Lent or Fasting?

Written By: on Mar 5th, 2011 and filed under Articles, Youth And Faith.

Since Malankara Orthodox Syrian Church is rich in tradition of fasting and prayer, comments about the various fasts often appear on various internet forums and online exchanges between Church members. The word ‘lent’ is often seen in these communications as well. There were postings about ‘Advent Lent’ and ‘25-day Lent’ three months ago and there have been various comments about ‘Nineveh Lent’ and ‘3-day Lent’ lately. A Church calendar attached to a recent SGOS posting showed, in addition to above, ‘13-day Lent’, ‘15-day Lent’ and ‘50-day Lent’. While it is true that lent is associated with fasting, it is wrong to assume that ‘lent’ and ‘fast’ mean the same and may be used interchangeably.

As we continue to increase information exchange over the internet, it so happens that we are led to use English as the language for this communication. In this predicament we may sometimes use, perhaps inadvertently, some words or terminology which we may think is correct, but convey the wrong meaning. We are used to saying ‘25 nompu’, ‘3 nompu’, ‘50 nompu’, etc. in Malayalam. Possibly because we have seen ‘50 nompu’ being referred to in English usage as ‘Lent’ or Lenten period, we may have gotten to think that ‘lent’ is the same as ‘nompu’. English equivalent for the Malayalam word ‘nompu’ appears to be ‘fast’. Our Lord fasted for forty days in the desert. He did not observe a ‘40-day lent’!

One can look up the meaning or definition of the word ‘lent’ in any English language dictionary or encyclopedia. There are a few popular online dictionaries, such as merriam-webster.com, learnersdictionary.com, and wikipedia.org. A rather lengthy but informative excerpt from the last source (wikipedia.org) is given below:
“Lent in the Christian tradition, is the period of the liturgical year leading up to Easter. The traditional purpose of Lent is the preparation of the believer – through prayer, penitence, almsgiving and self-denial – for the annual commemoration during Holy Week of the Death and Resurrection of Jesus, which recalls the events linked to the Passion of Christ and culminates in Easter, the celebration of the Resurrection of Jesus Christ.
Conventionally, it is described as being forty days long, though different denominations calculate the forty days differently. The forty days represent the time that, according to the Bible, Jesus spent in the desert before the beginning of his public ministry, where he endured temptation by Satan.

This practice was virtually universal in Christendom until the Protestant Reformation. Some Protestant churches do not observe Lent, but many, such as Lutherans, Methodists, Presbyterians, and Anglicans, do.”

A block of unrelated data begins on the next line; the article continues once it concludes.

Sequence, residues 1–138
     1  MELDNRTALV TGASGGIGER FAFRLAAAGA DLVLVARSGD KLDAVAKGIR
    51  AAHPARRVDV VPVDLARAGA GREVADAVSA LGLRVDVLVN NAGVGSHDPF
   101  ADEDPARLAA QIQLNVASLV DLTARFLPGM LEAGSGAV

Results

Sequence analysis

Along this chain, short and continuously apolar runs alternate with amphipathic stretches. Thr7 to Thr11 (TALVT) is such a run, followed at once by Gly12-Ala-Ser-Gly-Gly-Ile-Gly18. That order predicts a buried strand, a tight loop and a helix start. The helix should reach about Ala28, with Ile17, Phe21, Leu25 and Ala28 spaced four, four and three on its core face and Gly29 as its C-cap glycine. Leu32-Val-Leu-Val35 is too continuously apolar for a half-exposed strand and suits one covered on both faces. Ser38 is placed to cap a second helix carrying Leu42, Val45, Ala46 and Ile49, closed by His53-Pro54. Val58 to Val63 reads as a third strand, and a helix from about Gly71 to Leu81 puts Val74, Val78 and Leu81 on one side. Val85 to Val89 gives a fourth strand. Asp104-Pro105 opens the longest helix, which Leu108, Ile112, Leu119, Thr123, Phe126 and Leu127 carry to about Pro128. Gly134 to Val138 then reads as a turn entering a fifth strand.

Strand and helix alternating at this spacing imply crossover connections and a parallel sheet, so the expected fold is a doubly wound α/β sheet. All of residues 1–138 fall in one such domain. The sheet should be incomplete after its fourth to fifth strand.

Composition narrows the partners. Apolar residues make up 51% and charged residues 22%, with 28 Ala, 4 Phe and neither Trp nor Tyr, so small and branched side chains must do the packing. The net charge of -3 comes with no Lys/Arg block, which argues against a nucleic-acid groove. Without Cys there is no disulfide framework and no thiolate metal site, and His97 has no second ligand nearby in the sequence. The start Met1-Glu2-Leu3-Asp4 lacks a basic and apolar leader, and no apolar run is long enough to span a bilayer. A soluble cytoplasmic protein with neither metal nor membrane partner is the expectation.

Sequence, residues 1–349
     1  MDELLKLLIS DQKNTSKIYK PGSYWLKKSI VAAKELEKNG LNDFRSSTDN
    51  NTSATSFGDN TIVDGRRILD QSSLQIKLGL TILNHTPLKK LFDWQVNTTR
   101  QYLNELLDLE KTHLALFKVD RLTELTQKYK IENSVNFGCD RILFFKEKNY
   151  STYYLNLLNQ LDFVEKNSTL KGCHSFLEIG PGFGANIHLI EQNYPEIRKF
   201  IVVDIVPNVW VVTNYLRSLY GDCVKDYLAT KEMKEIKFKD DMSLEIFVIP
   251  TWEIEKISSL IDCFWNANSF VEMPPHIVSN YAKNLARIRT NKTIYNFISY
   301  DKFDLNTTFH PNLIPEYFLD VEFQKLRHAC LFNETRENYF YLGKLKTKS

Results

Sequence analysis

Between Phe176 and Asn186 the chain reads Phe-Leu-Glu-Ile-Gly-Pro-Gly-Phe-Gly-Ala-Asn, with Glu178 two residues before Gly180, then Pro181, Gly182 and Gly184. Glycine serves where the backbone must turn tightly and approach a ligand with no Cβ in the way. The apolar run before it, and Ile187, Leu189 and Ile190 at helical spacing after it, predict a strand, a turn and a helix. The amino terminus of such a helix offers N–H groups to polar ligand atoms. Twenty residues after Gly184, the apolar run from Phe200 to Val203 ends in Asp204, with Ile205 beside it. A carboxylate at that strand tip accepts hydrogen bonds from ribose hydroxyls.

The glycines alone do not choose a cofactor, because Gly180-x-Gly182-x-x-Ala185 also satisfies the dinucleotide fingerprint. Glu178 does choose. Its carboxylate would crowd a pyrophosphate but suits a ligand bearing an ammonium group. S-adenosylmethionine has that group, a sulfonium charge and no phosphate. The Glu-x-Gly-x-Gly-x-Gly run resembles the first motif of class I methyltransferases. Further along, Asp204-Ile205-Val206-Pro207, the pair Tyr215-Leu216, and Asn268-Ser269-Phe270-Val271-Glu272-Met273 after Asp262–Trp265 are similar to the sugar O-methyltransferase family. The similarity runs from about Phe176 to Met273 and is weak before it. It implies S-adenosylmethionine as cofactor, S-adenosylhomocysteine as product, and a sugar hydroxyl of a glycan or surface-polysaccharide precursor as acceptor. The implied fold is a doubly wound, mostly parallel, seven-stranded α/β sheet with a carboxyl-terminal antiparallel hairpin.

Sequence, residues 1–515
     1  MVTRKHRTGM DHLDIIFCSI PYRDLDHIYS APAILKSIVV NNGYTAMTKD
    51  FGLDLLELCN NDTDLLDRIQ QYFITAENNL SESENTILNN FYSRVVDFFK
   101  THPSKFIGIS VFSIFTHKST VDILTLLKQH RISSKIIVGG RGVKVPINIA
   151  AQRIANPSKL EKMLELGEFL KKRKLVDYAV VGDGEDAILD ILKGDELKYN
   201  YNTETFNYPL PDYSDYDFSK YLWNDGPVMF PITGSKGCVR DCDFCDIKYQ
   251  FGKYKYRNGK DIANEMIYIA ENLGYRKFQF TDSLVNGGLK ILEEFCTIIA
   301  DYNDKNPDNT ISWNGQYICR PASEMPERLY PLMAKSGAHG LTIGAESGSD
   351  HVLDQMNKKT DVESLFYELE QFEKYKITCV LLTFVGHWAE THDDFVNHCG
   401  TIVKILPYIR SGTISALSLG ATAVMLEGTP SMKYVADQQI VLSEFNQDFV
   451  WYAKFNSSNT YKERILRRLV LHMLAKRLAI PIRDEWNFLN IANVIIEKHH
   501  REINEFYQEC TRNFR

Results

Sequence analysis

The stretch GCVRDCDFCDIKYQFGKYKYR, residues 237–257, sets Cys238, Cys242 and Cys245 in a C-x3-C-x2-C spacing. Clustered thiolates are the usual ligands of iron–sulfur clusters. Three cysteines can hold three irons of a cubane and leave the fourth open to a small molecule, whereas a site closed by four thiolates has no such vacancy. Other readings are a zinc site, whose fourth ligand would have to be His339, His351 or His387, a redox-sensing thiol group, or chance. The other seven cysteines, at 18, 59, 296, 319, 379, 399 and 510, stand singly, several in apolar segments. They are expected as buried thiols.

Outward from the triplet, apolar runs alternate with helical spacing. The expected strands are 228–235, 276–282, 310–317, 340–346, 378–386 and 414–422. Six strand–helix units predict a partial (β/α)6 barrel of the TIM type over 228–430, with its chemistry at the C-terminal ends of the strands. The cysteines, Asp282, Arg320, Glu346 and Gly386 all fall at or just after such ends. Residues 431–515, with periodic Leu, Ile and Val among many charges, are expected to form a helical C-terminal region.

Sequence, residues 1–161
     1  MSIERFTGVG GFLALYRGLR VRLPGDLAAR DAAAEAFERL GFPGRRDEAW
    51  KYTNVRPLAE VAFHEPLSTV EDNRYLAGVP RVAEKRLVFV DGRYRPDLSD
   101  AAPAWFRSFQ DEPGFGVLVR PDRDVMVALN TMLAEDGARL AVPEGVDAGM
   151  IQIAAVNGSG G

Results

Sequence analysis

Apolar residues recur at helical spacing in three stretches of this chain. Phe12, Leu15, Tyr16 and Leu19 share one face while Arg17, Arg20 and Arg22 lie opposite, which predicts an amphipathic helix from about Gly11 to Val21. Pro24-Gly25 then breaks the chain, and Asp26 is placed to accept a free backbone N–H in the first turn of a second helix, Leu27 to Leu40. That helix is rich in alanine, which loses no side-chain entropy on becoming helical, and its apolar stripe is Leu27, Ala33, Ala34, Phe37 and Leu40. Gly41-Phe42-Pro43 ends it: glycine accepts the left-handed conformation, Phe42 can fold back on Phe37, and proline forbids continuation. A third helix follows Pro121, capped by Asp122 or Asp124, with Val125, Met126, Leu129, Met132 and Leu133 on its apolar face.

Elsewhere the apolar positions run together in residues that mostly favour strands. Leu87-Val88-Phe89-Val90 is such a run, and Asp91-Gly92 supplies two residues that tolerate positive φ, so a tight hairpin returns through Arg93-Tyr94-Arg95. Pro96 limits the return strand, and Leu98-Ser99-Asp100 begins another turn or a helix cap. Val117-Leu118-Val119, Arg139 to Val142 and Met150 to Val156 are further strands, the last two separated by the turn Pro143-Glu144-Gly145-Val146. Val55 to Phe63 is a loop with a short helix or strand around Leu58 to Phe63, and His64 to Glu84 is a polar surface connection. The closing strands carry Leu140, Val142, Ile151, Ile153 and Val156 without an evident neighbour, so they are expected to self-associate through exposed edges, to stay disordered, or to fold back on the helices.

For the roots and origin of the word ‘lent’ Wikipedia has this:
“In Latin the term quadragesima (translation of the original Greek tessarakoste, the ‘fortieth day’ before Easter) is used. This nomenclature is preserved in Roman, Slavic and Celtic languages (for example, Spanish cuaresma, Portuguese quaresma, French carême, Italian quaresima, Croatian korizma, Irish Carghas, and Welsh Crawys).

In the late Middle Ages, as sermons began to be given in the vernacular instead of Latin, the English word lent was adopted. This word initially simply meant spring (as in German language Lenz and Dutch lente) and derives from the Germanic root for long because in the spring the days visibly lengthen”.

Online merriam-webster.com shows this for Definition of LENT:

“the 40 weekdays from Ash Wednesday to Easter observed by the Roman Catholic, Eastern, and some Protestant churches as a period of penitence and fasting”. The same resource also has this for Origin of LENT: “Middle English lente springtime, Lent, from Old English lencten; akin to Old High German lenzin spring. First Known Use: 13th century.”

So, it is clear that lent is a fasting period associated with a particular period of the year (springtime) and a particular Church calendar event (Easter). The word clearly has limited meaning, was adopted for convenience, and got into use much later in the history of the Christian Church. Although ‘lent’ is indeed a fasting period, every fasting period is not a ‘Lenten’ period. It so happens that the Great Lent (Great Fast in Orthodox usage) leading to Easter is the only fasting period in most Protestant Church calendars. On the other hand, Orthodox Churches observe several other fasting/penitential (‘nompu’) periods. The ones observed by Malankara Orthodox Church are either in honor of special events or days (like Nineveh, Wednesday, Friday), or in preparation for specific feast days of the Church: Nativity of the Lord, Resurrection of the Lord, Feast of Saints Peter and Paul, and Dormition of the Lord’s Mother. Of these, the 50-day fast before the Resurrection seems to be the only one that is the ‘Lent’, according to the meaning of that word. There is no ‘Advent lent’; it is Advent (Nativity or 25-day) fast. There is no ‘3-day lent’; it is 3-day (or Nineveh) fast. And so on. Shall we correct our thinking and usage?

Readers are welcome to further expound this concept and write short artiles to express their views on this issue. Those ones with convincing arguments irrespective of for or against will be published. To respond click here

The writer Alex Mathew is from Wesley Chapel, Florida

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